condemn four head of prime beef, almost $50!” The thought of it
But what he said next made me even sicker. “I’m afraid I’m not
making myself very clear. Your entire herd now classifies as being
infected. Under the law, they have to be buried no less than 5 feet
deep with no parts removed or missing.”
I was growing angry. They didn’t understand what this meant! “The
government says that?”
“It’s to your benefit in the long run as a cattleman.”
“It is, huh?” I shouted. “Does the government know that those cows
are cash income for the whole year. I’ve got land payments, mister.
If they’re not met, I can be sold at public auction. He told me to
go on back to the ranch - he and Micah would handle this for me.
"Get him off my land Micah! I still slaughter my own cattle!"
Micah tried to talk to me. "Now Lucas.....be reasonable!”
"Let me have today!" I couldn’t think. This news was just too much
for me! "Tomorrow I'll be reasonable." Micah and Mack left. With
tears in my eyes, I turned and cocked my rifle. Then I killed my
cattle - one by one.
Mark was on his way out when he heard me shooting the cattle. He
rushed up to me. Jumping off his horse, he rushed to my side. I just
stood there with my rifle in hand staring at the dead cattle.
"Pa...it's just about like shootin' your feet out from underneath ya'."
"This year we'll have to break 20 acres of new land to come out
Sod busting was hard, hard work. I didn’t like it – but I had to
provide for my son. I had to make sure we kept our home. I would
have to be a sodbuster until I could build up a new herd. The work
of breaking new land was hard, painful, and tiresome. The days would
be very long under the hot sun as I pushed a blow behind a horse.
Mark decided to get revenge
Mack for condemning our cattle. He went into town and watched for
the man to show up. Then he raced out to Faye's camp.
"Faye.....Faye.....the man you're lookin' for.....Mr. Mack.....he's
in town. I seen him Faye!"
Mark took Faye into town with him. Mark told Faye this was his last
chance because Mack was leaving the next day. They hid along side of
the General Store.
Mack rode into town. So did I. I pulled my horse up beside his at
the same hitching post. Mack greeted me warmly. “Seen my boy
around?” I asked. He’d seen Mark that morning. Mark had asked him
when he’d be leaving permanently.
“Oh McCain,” Mack stopped me. “Oh…How’s the boy doing with the ranch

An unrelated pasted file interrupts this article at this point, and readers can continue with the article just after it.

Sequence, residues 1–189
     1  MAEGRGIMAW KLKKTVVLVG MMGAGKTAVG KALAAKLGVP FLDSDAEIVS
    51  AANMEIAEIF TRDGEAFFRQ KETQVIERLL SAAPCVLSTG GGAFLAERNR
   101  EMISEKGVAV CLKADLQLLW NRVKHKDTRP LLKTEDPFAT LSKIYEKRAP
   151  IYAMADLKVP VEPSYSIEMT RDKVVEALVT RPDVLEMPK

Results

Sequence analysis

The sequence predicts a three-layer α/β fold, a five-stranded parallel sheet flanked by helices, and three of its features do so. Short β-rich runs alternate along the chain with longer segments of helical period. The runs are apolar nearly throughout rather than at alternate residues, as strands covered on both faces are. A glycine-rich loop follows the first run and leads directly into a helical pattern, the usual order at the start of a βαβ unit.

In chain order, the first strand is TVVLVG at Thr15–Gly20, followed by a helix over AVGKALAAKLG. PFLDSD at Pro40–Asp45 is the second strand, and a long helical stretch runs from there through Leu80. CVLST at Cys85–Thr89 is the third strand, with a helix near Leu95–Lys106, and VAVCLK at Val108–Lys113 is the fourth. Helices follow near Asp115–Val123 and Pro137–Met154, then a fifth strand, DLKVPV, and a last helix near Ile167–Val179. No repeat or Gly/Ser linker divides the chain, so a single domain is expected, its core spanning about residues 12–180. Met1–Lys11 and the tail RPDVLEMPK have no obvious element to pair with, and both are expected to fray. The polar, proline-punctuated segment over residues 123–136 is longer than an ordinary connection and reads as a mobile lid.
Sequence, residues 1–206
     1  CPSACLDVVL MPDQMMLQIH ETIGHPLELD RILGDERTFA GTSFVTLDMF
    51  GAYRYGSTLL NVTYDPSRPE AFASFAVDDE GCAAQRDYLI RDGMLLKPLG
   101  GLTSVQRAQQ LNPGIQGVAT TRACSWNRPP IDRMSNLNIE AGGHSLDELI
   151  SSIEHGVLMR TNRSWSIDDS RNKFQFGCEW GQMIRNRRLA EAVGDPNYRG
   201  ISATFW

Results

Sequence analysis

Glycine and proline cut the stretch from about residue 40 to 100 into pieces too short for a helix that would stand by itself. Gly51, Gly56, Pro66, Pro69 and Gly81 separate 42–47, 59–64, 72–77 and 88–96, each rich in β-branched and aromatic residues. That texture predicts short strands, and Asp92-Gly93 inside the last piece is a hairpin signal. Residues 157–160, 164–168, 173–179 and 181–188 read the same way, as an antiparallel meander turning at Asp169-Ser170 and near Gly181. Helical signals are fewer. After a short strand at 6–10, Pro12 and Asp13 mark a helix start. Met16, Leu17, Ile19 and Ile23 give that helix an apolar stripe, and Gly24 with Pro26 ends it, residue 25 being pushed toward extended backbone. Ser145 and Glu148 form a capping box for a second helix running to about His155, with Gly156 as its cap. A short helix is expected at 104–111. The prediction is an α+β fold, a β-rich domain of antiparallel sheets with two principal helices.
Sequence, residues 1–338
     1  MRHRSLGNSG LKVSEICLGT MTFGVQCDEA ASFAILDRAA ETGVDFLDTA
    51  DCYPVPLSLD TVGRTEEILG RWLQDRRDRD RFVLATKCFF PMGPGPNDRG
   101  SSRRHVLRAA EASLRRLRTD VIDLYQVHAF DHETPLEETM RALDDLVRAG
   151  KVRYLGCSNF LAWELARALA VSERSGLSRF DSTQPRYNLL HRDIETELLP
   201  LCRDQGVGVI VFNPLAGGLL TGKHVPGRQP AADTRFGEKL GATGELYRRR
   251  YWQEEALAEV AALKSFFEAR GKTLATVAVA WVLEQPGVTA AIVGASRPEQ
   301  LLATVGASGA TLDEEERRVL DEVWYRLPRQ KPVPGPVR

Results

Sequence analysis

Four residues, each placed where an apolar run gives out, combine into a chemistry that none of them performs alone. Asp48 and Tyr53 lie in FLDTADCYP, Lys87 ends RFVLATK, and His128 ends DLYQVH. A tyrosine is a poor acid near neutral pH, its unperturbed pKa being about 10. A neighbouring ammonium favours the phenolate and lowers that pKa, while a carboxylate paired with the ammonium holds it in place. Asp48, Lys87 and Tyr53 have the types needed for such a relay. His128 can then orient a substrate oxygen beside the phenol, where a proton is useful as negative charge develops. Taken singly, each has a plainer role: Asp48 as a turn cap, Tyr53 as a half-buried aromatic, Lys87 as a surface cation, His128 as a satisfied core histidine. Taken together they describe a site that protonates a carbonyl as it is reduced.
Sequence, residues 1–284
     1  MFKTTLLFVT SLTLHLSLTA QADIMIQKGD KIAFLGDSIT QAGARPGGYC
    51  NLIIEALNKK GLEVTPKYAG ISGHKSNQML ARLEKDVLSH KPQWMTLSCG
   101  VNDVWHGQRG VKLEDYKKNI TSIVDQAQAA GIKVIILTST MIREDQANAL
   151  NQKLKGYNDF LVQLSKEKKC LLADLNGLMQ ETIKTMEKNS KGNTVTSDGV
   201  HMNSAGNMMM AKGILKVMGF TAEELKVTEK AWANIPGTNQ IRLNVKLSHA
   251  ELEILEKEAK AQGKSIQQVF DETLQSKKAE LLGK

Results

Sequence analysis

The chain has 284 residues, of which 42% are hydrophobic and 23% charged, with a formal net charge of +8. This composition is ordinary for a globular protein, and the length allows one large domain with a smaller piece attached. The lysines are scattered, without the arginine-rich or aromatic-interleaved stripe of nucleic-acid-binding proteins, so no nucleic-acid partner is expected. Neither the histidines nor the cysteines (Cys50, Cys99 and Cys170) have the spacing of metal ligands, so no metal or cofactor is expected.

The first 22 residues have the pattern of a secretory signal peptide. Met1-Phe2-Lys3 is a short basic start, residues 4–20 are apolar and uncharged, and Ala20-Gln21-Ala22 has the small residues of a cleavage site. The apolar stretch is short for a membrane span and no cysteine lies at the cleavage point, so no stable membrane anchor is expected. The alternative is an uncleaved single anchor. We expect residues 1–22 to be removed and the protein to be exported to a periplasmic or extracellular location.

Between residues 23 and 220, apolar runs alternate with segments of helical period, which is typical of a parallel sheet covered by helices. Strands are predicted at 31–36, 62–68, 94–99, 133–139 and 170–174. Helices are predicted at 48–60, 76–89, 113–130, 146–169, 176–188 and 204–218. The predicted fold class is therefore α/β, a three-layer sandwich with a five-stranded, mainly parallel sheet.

work while you’re plowing?”
“Ranch work?” I had to laugh at that. “There’s no cattle.”
My words made Mack uncomfortable. “I don’t make many friends in my
“I owe you an apology, sir.” I held out my hand and we shook. We
ended on friendly terms.
Mark and Faye were alongside the General Store, but neither Mack or
I were aware of this. “run along, Laddie Buck. No call for you mixin’
in this,” Faye said.
Mark wondered how he’d know it was Mack. He quickly hushed him when
he heard someone walk by. “A lady, around 40, tired an’ plenty
bothered.” Mark watched her walk by, declaring it was Mrs. Ransom, a
whiskey husband and eleven kids.
More footsteps sounded. “A young galoof. Nothin’ on his mind but
girls an’ ructions.”
Then another pair of footsteps sounded. “Well, this one’s quite
somebody. A man, about 55. Quiet an’ I bet he got authority.” That
Then another set of footsteps. “Hear? Hear it? It’s him. Six foot
five...one hundred and ninety pounds, walk like a hind end of an
Arkansas mule," said Faye.
"Give him something to remember you by Faye," Mark replied.
Just then Faye lunged forward. Except it wasn’t Mack. It was me. He
had a tight bear hug on me. As I struggled to get free we fell to
the ground. Mark ran over to get Faye off of me. He started yelling.
“Faye...it's not him. Let go! Let go!”
Faye kept choking the life out of me.
Mark was screaming desperately. He was terrified. You could hear
pure terror in his voice. “It's not him...it's my Pa!" But Faye
wouldn't let go he was choking me. Mark continued screaming, begging
him to let go of me – he had the wrong man. I continued struggling
as Faye tried strangling me with his bare hands. Mark was screaming
at the top of his lungs and jumping on the back of Faye for him to
let go. The air was slowly leaving my lungs. I was losing my fight.
Micah heard the commotion and ran over to us. He pulled Mark off of
Faye then hit him hard over the head with the butt of his gun. Micah
lifted me off the ground. I was struggling to breathe. "Cough Lucas!
Cough!" Micah ordered. I coughed the breath back into my lungs.
"I'm awful sorry Pa. I just wanted to get even with that vet. It was
him, not you! Will you forgive me?"
"Get even with the vet?" I asked.
"I'm sorry Pa! I'm sorry." Mark laid his head on me and started to
"Vengeance is mine sayth the Lord," I said.
Micah had locked Faye up. I told him I wouldn't press any charges.
Micah didn’t agree with me.
felt he should learn a lesson. “He’s not a criminal,” I stated.
“He’s learned somethin’ already.” I looked at Mark. “And I think